With drilling under way in Cyprus’s exclusive economic zone, Kathimerini has seen seven maps outlining Turkey’s claims in the Eastern Mediterranean, revealing its intentions in the region.
The maps, which have been cited in recent weeks by Turkish Defense Minister Hulusi Akar, suggest that any others in the region considering the demarcation of maritime regions would have to consult with Turkey first.
However, the delineations on the maps only take into consideration Turkey and the mainlands of other countries facing its shores – ignoring the islands in between, such Rhodes, Karpathos and Crete, not to mention Cyprus.
The maps were created between 2010 and 2012, before Cyprus’s demarcation agreements with Egypt in 2003, Lebanon in 2007 and Israel in 2010.
These deals allowed Cyprus to delimit its exclusive economic zone in its southern and southeastern seas. Subsequently, it divided most of its maritime areas into 13 parts and proceeded with international tenders for their exploration and exploitation.
Considering these agreements legally void and therefore nonbinding, Ankara has claimed all the maritime regions west of Cyprus as part of the Turkish continental shelf. It only recognized Cyprus’s territorial waters.
Turkey’s interventions regarding the south and southeast of the island were ostensibly made on behalf of the Turkish Cypriots. However, rights to continental shelves and EEZs can only be exercised by states, not by groups within states, such as Turkish Cypriots.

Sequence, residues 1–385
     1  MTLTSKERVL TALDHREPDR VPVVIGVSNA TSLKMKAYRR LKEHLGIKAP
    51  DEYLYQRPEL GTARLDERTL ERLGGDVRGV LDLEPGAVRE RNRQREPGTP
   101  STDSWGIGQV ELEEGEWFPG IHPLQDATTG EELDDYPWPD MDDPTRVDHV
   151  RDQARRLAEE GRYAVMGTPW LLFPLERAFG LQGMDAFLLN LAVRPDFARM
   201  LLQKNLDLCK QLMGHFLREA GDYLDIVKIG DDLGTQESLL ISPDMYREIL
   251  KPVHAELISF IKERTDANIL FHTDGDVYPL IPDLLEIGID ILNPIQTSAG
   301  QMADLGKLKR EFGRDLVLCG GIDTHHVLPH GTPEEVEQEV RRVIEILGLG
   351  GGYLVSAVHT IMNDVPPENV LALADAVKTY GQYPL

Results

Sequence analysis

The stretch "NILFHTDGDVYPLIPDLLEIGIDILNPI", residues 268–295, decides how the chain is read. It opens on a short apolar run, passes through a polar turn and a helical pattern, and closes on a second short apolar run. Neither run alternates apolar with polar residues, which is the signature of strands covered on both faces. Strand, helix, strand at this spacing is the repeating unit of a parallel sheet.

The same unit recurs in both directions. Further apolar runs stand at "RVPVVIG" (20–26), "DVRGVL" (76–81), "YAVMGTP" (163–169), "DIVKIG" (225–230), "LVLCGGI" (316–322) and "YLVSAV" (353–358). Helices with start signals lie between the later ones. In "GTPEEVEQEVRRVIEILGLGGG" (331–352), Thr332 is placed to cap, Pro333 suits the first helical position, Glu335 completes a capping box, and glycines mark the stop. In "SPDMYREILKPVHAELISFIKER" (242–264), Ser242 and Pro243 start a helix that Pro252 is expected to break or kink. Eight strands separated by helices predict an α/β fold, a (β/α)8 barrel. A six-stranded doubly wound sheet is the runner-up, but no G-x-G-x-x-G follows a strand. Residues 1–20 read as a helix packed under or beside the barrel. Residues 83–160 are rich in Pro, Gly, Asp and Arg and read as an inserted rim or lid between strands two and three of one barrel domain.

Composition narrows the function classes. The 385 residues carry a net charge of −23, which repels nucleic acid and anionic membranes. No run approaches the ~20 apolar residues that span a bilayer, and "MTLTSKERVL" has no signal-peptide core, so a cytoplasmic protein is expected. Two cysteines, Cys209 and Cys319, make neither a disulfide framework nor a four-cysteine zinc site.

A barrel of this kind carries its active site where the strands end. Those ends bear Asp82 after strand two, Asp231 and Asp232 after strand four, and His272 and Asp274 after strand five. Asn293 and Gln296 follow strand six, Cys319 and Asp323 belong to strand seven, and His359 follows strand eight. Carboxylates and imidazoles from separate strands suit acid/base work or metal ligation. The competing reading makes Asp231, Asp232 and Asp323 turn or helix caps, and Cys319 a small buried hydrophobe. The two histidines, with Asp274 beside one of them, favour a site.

According to analysts, Turkey’s effort must be seen in the context of the recently formed alliances in the region between Greece, Israel, Cyprus and Egypt, as well as Nicosia’s energy projects.
In addition, Turkey’s effort to enlist Libya in its quest to redraw maritime maps in the region appears to have fallen by the wayside.
Turkey’s insecurity in the region has also been fueled by Washington’s ambition – reported last week by Kathimerini – to establish a security organization in the Eastern Mediterranean and the Middle East based on the cooperation of countries like Greece, Cyprus, Israel and Jordan.
The potential creation of such an organization will be discussed during the strategic dialogue between Greece and the US in Washington on December 13, as well as the trilateral summits between Greece, Cyprus and Israel on December 19 and 20.
Washington’s interest in the role of Cyprus has been indicated by the frequent contacts it has had with Cyprus Foreign Minister Nikos Christodoulides.